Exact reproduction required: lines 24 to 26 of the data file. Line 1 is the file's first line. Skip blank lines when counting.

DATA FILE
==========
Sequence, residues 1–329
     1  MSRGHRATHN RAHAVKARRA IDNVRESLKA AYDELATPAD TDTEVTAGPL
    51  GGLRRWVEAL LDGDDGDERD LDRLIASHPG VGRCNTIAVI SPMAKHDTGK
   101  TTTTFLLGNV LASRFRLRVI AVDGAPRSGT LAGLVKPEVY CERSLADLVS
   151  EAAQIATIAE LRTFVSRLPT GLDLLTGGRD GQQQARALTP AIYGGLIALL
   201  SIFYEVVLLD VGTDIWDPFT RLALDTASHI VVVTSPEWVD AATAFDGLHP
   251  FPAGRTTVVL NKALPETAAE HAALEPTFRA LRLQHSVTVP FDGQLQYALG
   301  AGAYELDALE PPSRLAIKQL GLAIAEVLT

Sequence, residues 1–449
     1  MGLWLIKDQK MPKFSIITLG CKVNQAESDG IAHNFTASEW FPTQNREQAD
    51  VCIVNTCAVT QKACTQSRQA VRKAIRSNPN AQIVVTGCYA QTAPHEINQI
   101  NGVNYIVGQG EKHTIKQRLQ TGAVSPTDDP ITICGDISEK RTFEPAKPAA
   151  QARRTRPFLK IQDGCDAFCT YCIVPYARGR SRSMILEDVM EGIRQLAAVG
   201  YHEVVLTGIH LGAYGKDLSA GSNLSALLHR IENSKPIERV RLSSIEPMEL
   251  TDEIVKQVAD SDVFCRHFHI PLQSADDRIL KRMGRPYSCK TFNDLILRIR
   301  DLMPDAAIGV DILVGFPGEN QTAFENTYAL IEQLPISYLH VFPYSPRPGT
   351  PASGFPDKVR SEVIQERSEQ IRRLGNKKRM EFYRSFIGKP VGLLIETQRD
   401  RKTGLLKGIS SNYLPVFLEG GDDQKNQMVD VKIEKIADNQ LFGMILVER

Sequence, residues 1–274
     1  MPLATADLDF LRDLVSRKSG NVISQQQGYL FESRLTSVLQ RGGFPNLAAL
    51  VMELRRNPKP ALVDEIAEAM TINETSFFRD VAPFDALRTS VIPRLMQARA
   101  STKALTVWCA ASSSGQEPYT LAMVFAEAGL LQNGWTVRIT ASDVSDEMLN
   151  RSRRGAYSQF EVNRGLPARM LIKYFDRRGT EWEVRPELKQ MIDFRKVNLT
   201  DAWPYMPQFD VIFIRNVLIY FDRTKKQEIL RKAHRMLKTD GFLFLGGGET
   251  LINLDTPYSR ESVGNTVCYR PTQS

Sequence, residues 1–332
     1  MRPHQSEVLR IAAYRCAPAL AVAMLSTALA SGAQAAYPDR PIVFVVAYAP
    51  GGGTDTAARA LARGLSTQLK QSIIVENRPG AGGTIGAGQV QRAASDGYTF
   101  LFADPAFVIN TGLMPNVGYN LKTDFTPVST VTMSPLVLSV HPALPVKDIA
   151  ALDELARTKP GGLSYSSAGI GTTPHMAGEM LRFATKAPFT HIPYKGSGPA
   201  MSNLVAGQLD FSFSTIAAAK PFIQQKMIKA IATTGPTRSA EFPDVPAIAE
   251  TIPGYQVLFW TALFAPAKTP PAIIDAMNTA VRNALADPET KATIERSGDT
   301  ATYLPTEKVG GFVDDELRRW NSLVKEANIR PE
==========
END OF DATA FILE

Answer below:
   201  DAWPYMPQFD VIFIRNVLIY FDRTKKQEIL RKAHRMLKTD GFLFLGGGET
   251  LINLDTPYSR ESVGNTVCYR PTQS

Sequence, residues 1–332